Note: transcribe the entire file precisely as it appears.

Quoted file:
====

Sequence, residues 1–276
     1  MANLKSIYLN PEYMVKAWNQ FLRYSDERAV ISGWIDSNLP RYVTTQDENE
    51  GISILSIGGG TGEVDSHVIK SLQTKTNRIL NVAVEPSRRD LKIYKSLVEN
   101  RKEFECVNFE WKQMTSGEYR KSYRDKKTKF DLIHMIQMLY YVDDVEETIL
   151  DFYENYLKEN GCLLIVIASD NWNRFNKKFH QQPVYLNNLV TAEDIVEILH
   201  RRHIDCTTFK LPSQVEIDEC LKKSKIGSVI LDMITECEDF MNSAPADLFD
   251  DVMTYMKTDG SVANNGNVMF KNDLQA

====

Sequence, residues 1–276
     1  MANLKSIYLN PEYMVKAWNQ FLRYSDERAV ISGWIDSNLP RYVTTQDENE
    51  GISILSIGGG TGEVDSHVIK SLQTKTNRIL NVAVEPSRRD LKIYKSLVEN
   101  RKEFECVNFE WKQMTSGEYR KSYRDKKTKF DLIHMIQMLY YVDDVEETIL
   151  DFYENYLKEN GCLLIVIASD NWNRFNKKFH QQPVYLNNLV TAEDIVEILH
   201  RRHIDCTTFK LPSQVEIDEC LKKSKIGSVI LDMITECEDF MNSAPADLFD
   251  DVMTYMKTDG SVANNGNVMF KNDLQA